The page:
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Work Leaders

Thousands of business management books appear every year, ranging from academic textbooks packed with theory - but little practical advice - to the reminiscences of retired CEOs recounting how they saved XYZ Inc from disaster and made themselves millions in stock options.

But suppose you are a fresh new manager or supervisor. Where can you get some reassuring reading, offering practical management advice and based on real-life experience that relates to your situation? Theories can make sense in retrospect. They help clarify jumbled thoughts and experiences - after the event, especially after several years of hard-gained experience. And for the new supervisor or team leader, the problems of large organizations are too remote - you have a handful of people to look after, not tens of thousands.

Gerald M. Czarnecki's new book You're in Charge ... what now? (Griffin Publishing) is a fresh attempt to clarify what it means to be a Work Leader, based on real-life experience. Czarnecki says that the book 'is the result of learning and leading. Sometimes I got it right; other times I had a "negative learning experience." In spite of either, I always tried to grow.' Czarnecki has "been there and done that" at every level in an organization from hands-on experience at the lowest level to the top jobs. And it shows. This book is different.

You're in Charge ... what now? is a digestible (171 pages) and carefully structured book packed with insights on what it means to be a Work Leader.

Leaders, managers and CEOs

Czarnecki argues that successful managers must be good leaders: 'People will not continue to achieve for a failed leader. For this reason, the practice of leadership is as important at the first level of management as it is at the highest - indeed, maybe even more so.'

He also identifies the crucial difference between leadership at the top and that at the 'coal face':

'The roles of CEO and a Work Leader are strikingly different but most books on leadership do not focus on the people who lead those who do the work. Work leaders must delegate tasks, but they cannot delegate the leadership. The work needs to get done and the hands-on leader must be there every day, helping the staff get the work done. There is no escape for the person charged with leading a work group that has daily deadlines and must meet daily expectations.'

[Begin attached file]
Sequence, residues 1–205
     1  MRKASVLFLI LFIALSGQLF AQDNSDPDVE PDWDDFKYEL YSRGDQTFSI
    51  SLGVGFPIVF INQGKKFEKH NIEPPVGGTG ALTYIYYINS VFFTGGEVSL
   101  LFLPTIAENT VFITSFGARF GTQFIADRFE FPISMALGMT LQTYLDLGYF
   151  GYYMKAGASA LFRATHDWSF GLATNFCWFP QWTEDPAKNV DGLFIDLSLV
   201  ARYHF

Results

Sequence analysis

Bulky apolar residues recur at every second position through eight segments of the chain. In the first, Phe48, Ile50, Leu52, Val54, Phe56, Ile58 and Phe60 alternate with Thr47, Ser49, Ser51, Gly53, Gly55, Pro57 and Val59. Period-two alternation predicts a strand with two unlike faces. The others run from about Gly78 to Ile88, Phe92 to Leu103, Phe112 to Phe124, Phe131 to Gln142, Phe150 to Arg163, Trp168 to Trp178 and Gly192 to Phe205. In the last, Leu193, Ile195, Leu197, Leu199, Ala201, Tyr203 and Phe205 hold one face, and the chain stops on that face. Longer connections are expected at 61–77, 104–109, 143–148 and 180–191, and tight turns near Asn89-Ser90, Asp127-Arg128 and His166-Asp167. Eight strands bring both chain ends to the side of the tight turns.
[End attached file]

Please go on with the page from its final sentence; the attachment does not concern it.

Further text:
Seven Essential Steps

The sub-title of the book is 'Seven essential steps for work leader success'. The seven steps are each given a chapter and focus on a word commencing with a letter from 'Leaders':

Love - Friends Like but Leaders Love
Expectations - Setting the Bar Sets the Tone
Assignment - Square Pegs in Round Holes Never Fit!
Development - The Good Get Better, the Best Excel!
Evaluation - Leaders Succeed By Making Judgments
Rewards - An Organization Elicits the Behavior it Rewards
Self - Work Leaders Must Lead Themselves

Why 'love' you might ask? Czarnecki is not implying sexual or even brotherly love. Instead he advocates the qualities of a third type of love called agape by the ancient Greeks:

'... the fine art - and even emotion - of loving people as members of humanity. It means we have a sensitivity to them that exceeds being polite. It means we pay attention to them, beyond just keeping them from being angry with us. It means helping them just because they are people, not because they are nice people, and helping them even when they find accepting help difficult. It means telling them bad news with sensitivity, not being brutally frankand blunt. In short, it means being sensitive to their needs, feelings, and difficulties.'

You can love (agape) your people but you do not necessarily have to like them. Czarnecki provides an intriguing discussion of what it means to supervise people you don't like and the pitfalls of liking your staff, such as overlooking weaknesses. He also discusses the problem of working for a leader who does not show love and provides a succinct definition of the term 'tough love.'

Czarnecki's other essential steps are more easily grasped at first glance. But each draws on rich insights and practical experience. As with the first step, each chapter includes a set of practical tips, a closing case study and questions to test your understanding. But in each chapter, there are scores of sensible and thought-provoking suggestions, comments and criticisms of common practice.

All-in-all, a good buy for the new and aspiring work leader.

You're in Charge...What Now?

by Gerald M. Czarnecki
Whether you lead a team of colleagues for a Fortune 500 company or run your own small company with seven employees, You're in Charge...What Now? will help you achieve peak performance results and give you the edge needed to achieve your goals.
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